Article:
Tuesday, December 21, 2004

The Fallacy of Temporality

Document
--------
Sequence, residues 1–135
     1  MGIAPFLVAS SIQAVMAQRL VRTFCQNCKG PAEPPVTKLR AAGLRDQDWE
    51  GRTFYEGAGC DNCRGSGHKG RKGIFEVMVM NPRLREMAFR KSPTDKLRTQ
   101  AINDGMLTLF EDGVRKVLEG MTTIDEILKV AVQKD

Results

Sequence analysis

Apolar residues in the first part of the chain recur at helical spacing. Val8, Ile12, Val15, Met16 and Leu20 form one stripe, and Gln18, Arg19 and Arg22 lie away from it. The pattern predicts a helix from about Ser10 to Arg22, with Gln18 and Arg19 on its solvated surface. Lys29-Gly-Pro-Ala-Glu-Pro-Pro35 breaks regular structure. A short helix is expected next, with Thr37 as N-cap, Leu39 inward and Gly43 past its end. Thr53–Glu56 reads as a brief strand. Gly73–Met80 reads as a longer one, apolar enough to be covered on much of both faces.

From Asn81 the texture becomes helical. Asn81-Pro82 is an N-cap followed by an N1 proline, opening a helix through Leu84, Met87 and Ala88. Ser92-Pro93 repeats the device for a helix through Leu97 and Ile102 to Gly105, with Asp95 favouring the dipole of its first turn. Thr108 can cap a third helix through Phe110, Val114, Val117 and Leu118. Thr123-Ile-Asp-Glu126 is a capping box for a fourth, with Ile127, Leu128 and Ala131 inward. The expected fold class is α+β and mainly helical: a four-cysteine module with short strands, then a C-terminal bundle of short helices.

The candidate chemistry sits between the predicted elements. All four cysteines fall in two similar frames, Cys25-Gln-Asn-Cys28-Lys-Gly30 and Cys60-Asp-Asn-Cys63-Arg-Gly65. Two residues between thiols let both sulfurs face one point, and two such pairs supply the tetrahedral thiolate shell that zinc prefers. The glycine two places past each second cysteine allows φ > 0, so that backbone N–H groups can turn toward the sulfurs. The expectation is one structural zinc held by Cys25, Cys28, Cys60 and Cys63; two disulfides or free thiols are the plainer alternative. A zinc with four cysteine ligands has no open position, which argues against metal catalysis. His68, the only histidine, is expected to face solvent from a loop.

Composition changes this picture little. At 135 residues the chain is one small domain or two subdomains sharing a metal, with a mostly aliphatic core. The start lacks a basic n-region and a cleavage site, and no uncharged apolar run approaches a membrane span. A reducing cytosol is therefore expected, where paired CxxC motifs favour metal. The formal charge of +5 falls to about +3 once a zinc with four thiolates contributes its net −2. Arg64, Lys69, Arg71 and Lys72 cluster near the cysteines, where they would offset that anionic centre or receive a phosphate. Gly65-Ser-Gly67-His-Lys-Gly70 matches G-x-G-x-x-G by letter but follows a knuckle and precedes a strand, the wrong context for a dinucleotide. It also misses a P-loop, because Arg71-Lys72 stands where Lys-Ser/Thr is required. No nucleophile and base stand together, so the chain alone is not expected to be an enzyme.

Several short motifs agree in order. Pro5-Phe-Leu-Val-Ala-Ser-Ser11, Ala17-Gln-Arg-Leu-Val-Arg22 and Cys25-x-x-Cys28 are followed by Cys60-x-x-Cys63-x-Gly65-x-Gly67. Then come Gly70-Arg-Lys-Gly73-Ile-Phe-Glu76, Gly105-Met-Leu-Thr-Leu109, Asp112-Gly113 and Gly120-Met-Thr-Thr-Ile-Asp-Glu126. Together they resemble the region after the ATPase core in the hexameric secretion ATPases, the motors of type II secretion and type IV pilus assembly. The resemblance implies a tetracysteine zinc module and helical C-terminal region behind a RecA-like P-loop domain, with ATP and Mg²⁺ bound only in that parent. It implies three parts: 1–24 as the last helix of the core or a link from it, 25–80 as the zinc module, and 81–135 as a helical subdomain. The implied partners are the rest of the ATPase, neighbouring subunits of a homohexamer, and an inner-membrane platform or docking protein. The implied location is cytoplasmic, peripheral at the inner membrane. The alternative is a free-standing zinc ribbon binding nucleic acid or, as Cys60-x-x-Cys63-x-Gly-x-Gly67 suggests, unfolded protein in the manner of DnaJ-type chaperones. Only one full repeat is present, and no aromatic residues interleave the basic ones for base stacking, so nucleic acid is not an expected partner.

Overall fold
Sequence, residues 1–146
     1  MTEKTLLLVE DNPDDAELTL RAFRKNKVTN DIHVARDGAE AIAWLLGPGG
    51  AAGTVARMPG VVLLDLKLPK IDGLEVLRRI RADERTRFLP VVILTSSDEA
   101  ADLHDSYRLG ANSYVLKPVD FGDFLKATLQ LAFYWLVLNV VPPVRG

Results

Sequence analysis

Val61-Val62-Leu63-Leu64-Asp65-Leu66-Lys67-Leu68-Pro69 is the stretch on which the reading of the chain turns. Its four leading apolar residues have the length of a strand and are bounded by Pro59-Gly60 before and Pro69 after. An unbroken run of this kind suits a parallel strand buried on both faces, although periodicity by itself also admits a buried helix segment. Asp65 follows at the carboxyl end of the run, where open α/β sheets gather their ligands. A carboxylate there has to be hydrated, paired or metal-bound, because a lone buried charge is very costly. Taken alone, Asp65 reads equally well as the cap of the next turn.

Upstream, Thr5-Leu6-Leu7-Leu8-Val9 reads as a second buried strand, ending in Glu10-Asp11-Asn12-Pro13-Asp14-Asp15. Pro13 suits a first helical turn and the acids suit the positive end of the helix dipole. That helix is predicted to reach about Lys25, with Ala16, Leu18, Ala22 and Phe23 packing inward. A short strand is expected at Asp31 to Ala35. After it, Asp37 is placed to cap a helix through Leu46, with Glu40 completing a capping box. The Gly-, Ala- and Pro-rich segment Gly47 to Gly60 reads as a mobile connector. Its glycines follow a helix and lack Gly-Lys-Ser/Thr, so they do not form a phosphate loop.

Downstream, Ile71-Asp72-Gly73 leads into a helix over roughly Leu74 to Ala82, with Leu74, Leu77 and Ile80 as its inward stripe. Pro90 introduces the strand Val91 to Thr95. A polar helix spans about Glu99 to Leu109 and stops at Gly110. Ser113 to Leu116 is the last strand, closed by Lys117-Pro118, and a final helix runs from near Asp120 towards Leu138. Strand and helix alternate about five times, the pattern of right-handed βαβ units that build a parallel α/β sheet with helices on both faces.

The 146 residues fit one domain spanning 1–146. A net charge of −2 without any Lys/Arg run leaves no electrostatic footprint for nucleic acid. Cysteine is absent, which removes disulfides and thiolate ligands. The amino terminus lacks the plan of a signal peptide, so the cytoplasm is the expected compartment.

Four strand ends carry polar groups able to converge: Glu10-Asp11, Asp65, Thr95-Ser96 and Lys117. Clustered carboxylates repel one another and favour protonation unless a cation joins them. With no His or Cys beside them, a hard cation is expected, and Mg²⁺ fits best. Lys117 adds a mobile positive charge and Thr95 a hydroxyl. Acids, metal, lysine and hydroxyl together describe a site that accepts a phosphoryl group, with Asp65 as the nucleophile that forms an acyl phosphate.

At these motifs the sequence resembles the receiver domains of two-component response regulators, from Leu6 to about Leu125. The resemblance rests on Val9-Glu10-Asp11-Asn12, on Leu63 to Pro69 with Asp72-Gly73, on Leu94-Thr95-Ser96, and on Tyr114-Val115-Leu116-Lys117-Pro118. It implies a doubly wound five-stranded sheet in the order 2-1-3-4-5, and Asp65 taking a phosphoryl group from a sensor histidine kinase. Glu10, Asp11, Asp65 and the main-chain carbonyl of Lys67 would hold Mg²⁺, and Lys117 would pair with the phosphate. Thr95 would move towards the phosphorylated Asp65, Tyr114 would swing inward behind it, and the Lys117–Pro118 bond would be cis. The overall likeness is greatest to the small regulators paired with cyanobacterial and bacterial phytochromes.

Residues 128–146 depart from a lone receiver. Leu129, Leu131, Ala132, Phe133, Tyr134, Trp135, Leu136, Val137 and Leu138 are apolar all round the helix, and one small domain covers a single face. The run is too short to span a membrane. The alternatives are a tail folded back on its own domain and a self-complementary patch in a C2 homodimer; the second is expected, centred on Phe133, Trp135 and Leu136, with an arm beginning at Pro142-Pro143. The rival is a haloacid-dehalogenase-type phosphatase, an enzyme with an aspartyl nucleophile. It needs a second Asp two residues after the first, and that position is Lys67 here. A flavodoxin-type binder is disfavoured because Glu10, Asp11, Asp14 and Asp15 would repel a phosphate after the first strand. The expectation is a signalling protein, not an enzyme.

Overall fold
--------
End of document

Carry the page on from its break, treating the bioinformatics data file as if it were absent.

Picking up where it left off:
It seems that so many live lives, as Thoreau eloquently opined, of quiet desperation. It seems that our focus is so strongly on the here and now. We buy $80,000 vehicles when we could easily live with ones of half that value (at least). We persist in trying to keep up with the Jones' when a life of simplicity would make us happier. Status means everything. Most of us were not alive 100 years ago and will not be alive 100 years from now and yet we live as if we will never die. Should we gather more for ourselves or give our lives away? Isn't that what truly brings happiness - giving your life away. The poor in general seem to be happier than the rich. Many who live in poverty spend their lives giving it away. They have no choice. They must scrape to make a living and to care for their children. They literally can't afford to be self-centered. What little they have means more to them. If all of us in the wealthy U.S. would donate a dollar more a week, we could do so much for our impovershed brothers in sisters in Christ. No, instead we have to have all the latest gadgets and gizmos. We are so utterly materialistic. It is obvious where our treasures lie. What will change hearts? Our thinking is disordered and not focused properly. Honor, praise, status, riches are our goals instead of generosity, humility and selflessness. We truly live as though this earthly life is all that matters. Our spiritual malaise has created a false sense of reality. We have succumbed to the fallacy of temporality.